Three Ideas For Libraries



Doesn’t the idea of of a library currency get you excited? I can almost envision the BENSON BUCKS that my library (Benson Memorial Library, hence the BENSON BUCKS name) may adopt as our form of library currency.

Imagine visiting your public library and planning on it just being a visit where you grab a few books and maybe at some point take a load off your feet and read a magazine because there’s really nice air conditioning in the space. You expect this to be an inward visit, but you overhear a conversation: someone is on the public computer and is perplexed by the task in front of them. You know what they’re dealing with, so with kindness in your heart you get up and offer assistance. You get that person to where they need to be. A librarian sees what is happening and in turn they decide to reward you with some library currency. This currency could be used to do a number of things: pay off fines, purchase a book from the book sale, pay for a fax or copy, etc.

The two ideas behind library currency are:

  1. The desire to reward good behaviors. We need more kindness in the world, and for kindness to continue to grow it needs to be rewarded. The creation of library currency allows those good deeds to be rewarded in a small way.
  2. Is your library one of those places that just can’t go fine free yet? Library currency gives your library a way to help with library fines while at the same time accomplishing another goal: promoting kindness in the community.

Over the next few months I’ll be looking into BENSON BUCKS for my library. I’ve got some ideas kicking around in my head as to what it looks like and what it can be used for. Once I pull that together, I’ll present the idea to my board and go from there.



I was driving down I-79 towards Pittsburgh earlier this week and I saw a giant billboard advertising something really dumb. I can’t recall what the billboard was endorsing, but I remember feeling like it was a waste of space and energy. In general billboards are horrible (4 states don’t allow them!) but for most states in the USA they’re everywhere and a part of our lives. How could we make them better? Why not advertise libraries?

I’m not thinking about how we can advertise our own libraries. I know there are a few billboards here in Titusville and I may look into that, but here I’m thinking about the bigger picture. Why don’t we get something simple like “Visit Your Local Library” up on these billboards? It doesn’t have to be part of some huge coordinated campaign with matching fonts and a marketing strategy and some national organization behind it. It can be a simple message that does nothing more than remind the people that drove by it that libraries exist and they’re here for them.

My guess for the reason as to why we’re not advertising on billboards is simple: it’s too expensive. While I don’t have any costs, I’m guessing we’re dealing with larger sums of money that most of us or our libraries don’t have. I’m going to dig deeper for my area starting here. I got to this by searching for “billboards in Pennsylvania” and this was one of the first hits.



Every once in awhile I get the urge to completely reinvent the Summer Reading Program (got it this year). I recognize that this is a program that no matter what goes on that we just have to do, but I refuse to accept the fact that every year it has to be the same thing. If we’re going to remain relevant we’re going to have to try new things.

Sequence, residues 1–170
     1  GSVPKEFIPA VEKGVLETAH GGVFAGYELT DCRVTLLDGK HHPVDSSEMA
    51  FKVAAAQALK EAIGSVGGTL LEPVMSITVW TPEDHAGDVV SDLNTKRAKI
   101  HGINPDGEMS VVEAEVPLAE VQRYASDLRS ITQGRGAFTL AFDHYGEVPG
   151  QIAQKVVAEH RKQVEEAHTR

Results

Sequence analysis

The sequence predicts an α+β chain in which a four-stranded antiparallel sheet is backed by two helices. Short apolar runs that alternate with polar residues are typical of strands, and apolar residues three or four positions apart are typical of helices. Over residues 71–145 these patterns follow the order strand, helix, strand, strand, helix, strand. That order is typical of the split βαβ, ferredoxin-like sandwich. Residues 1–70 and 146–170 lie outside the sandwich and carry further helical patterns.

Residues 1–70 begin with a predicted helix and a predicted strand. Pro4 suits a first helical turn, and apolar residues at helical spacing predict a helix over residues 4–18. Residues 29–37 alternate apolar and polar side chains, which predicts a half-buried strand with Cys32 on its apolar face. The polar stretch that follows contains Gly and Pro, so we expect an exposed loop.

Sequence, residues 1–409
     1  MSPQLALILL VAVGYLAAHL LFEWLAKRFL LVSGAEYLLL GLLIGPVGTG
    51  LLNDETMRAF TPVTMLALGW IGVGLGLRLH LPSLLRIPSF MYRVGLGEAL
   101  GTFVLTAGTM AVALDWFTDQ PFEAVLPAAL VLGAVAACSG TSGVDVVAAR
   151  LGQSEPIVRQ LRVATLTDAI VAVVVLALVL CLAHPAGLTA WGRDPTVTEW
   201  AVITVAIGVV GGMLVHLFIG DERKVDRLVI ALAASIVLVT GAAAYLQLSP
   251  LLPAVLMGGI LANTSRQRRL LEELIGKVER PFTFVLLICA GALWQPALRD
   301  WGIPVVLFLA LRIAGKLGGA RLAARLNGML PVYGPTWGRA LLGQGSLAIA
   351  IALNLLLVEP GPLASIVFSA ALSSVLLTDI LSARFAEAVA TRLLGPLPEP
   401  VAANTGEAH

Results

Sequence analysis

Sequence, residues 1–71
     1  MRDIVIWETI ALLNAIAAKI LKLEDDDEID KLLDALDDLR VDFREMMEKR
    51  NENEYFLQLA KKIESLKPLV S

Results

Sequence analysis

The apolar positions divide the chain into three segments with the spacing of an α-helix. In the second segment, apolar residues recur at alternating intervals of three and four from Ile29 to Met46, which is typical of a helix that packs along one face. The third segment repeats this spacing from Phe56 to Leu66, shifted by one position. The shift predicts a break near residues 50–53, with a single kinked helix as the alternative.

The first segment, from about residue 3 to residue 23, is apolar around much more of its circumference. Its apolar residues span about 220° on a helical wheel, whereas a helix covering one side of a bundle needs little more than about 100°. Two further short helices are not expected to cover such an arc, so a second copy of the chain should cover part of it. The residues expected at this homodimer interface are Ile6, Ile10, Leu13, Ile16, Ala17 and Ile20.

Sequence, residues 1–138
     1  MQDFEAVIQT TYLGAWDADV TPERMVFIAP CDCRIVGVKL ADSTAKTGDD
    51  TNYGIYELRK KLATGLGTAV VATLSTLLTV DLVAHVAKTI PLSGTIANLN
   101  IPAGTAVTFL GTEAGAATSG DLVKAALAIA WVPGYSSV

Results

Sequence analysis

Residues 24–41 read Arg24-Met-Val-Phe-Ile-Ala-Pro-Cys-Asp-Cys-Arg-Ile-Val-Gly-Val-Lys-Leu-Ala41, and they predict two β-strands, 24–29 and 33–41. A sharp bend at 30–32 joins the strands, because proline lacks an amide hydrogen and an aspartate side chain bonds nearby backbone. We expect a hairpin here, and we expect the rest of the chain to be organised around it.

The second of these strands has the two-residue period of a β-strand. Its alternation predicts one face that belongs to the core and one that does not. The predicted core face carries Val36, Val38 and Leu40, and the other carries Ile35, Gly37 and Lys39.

One of the ideas in my head right now is what I’m calling the Summer Reading Treehouse. I’m calling it this because 1) Treehouses are awesome and 2) When you’re in a treehouse you feel like you’re in some really cool club and 3) Who does want to be in some cool club? I mean that’s why secret societies exist am I right? Being in a treehouse make you feel like you’re included in something really awesome, and I feel that that feeling is something that is lacking very much in summer reading programs. I want the summer reading program to be something that people want to be involved in because they think it’s great, not because they’re forced to do it or there’s some kind of prize at the end. It needs to be a club that people in your community want to join.

While I don’t have all of my ideas together yet, here’s the basic idea: carve out a specific area in your library. This space will look different for every library. For my library, it is most likely going to be our community room that becomes the treehouse. Once you have that space, set it up with different activities (call them stations if it makes sense in your librarian brain) that are special and unique to the treehouse. For my library, that’ll be some video games, 3D Printing, different creative areas, and a chill out/reading/relaxing space for kids only. How do you get into the treehouse? You sign up for the Summer Reading Program. That’s your ticket into the treehouse, but there’s more. With your ticket into treehouse, there are levels that unlock certain rewards or areas. Read for 5 hours and you unlock a new area. Do something else and you get to another level. It’s a club, a secret society, a special place, and a unique experience wrapped up in one. It gives the Summer Reading Program a breath of new life. Stay tuned for more details as they develop.




  1. I’ll be watching to see what you do with the Benson Bucks. It’s an interesting idea!

    I remember seeing billboards for libraries in the Ft. Myers, FL, area a few years ago. I can’t remember if they were general or for a specific program. While billboard costs might still be more than what libraries can afford, they’re probably more affordable than you’d think, at least in comparison with other forms of media. In our area, the billboard companies will put inspirational messages (Be kind, Smile, etc.) on unsold billboards. I wonder if they’d work with a library as a PSA-type project.

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